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RUDOLPH (d. 1o8o)

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Originally appearing in Volume V23, Page 817 of the 1911 Encyclopedia Britannica.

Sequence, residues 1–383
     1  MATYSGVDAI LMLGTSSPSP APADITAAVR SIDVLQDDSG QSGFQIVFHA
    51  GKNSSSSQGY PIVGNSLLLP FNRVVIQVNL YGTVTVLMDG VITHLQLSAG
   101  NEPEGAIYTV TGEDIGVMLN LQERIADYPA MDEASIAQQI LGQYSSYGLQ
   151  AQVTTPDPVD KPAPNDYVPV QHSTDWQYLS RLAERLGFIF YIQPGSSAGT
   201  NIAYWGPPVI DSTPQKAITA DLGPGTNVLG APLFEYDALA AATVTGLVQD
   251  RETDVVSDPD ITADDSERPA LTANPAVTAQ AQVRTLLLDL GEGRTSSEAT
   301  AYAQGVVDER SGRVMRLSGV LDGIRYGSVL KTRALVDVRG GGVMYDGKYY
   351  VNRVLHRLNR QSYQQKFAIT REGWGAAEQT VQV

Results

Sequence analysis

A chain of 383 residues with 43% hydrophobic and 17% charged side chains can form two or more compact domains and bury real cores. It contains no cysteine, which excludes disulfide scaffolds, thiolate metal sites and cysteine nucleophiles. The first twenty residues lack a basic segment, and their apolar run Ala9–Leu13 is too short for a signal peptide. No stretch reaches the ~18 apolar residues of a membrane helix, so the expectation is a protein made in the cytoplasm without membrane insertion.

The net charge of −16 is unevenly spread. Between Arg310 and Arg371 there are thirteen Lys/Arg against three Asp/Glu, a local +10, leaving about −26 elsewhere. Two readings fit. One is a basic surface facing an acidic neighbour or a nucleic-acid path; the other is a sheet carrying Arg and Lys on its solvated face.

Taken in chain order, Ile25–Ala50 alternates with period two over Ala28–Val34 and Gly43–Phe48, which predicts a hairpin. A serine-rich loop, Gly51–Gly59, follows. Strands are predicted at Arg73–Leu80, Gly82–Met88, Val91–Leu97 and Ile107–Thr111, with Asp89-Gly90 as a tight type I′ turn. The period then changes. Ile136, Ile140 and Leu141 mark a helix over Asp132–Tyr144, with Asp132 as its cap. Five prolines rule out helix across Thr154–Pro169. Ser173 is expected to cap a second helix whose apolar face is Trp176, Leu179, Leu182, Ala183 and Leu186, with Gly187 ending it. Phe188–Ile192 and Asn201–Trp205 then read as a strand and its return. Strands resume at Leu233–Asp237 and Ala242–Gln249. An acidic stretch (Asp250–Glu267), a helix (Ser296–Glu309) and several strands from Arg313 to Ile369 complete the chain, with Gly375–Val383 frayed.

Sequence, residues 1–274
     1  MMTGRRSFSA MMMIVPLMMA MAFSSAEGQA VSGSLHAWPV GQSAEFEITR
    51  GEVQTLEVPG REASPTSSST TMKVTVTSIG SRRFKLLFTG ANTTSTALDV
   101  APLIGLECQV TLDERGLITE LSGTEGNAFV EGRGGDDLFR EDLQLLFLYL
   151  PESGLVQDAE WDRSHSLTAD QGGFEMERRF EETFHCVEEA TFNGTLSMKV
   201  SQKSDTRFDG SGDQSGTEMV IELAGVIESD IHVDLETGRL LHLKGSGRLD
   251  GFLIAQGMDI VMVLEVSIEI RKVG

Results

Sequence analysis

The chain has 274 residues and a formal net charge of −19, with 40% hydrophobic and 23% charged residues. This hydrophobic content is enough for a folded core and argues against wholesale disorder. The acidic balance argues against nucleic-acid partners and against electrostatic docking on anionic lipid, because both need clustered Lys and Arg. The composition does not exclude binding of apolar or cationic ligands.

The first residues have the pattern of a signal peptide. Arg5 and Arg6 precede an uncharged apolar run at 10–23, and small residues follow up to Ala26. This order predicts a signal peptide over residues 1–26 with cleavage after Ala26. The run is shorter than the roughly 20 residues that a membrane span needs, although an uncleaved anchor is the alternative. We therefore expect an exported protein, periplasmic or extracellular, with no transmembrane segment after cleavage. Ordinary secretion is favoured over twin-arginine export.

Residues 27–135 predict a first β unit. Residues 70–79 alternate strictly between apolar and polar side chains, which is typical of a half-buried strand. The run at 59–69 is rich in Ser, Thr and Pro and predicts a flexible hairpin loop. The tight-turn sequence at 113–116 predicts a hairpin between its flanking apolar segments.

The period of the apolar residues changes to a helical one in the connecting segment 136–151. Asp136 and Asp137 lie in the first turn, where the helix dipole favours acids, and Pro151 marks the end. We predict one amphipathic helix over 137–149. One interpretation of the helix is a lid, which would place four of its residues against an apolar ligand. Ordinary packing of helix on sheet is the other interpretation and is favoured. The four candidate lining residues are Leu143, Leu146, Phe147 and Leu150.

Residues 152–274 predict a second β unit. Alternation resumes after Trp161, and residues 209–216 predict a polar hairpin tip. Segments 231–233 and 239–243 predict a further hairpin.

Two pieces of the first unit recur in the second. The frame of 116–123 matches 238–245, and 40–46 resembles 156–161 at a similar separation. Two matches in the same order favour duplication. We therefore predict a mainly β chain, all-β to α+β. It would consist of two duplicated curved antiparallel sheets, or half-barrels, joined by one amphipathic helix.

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RUDOLPH (d. 1o8o), German king, and duke of Swabia, opponent of the emperor Henry IV., was a son of Kuno count of Rheinfelden, who possessed estates in both Burgundy and Swabia. He received the duchy of Swabia from Agnes, regent and mother of the young king, Henry IV., in 1057, and two years later married the king's sister Matilda (1045-1o6o), and was made administrator of the kingdom of Burgundy, or Arles. Differences soon arose between the king and his brother-in-law, whose loyalty was suspected during the Saxon War of 1073. When Henry was excommunicated and deposed by pope Gregory VII., the princes met at Forchheirn, and elected Rudolph as German king. He renounced the right of investiture, disclaimed any intention of making the crown hereditary in his family, and was crowned at Mainz on the 27th of March 1077. He found no support in Swabia, but, uniting with the Saxons, won two victories over Henry's troops, and, in 1o8o, was recognized by the pope. On the 15th of October 1o8o, Rudolph was severely wounded at Hohenmolsen, and died the next day. He was buried at Merseburg, where his beautiful bronze tomb is still to be seen. See O. Grund, Die Wahl Rudolfs von Rheinfelden zum Gegenkonig (Leipzig, 188o).
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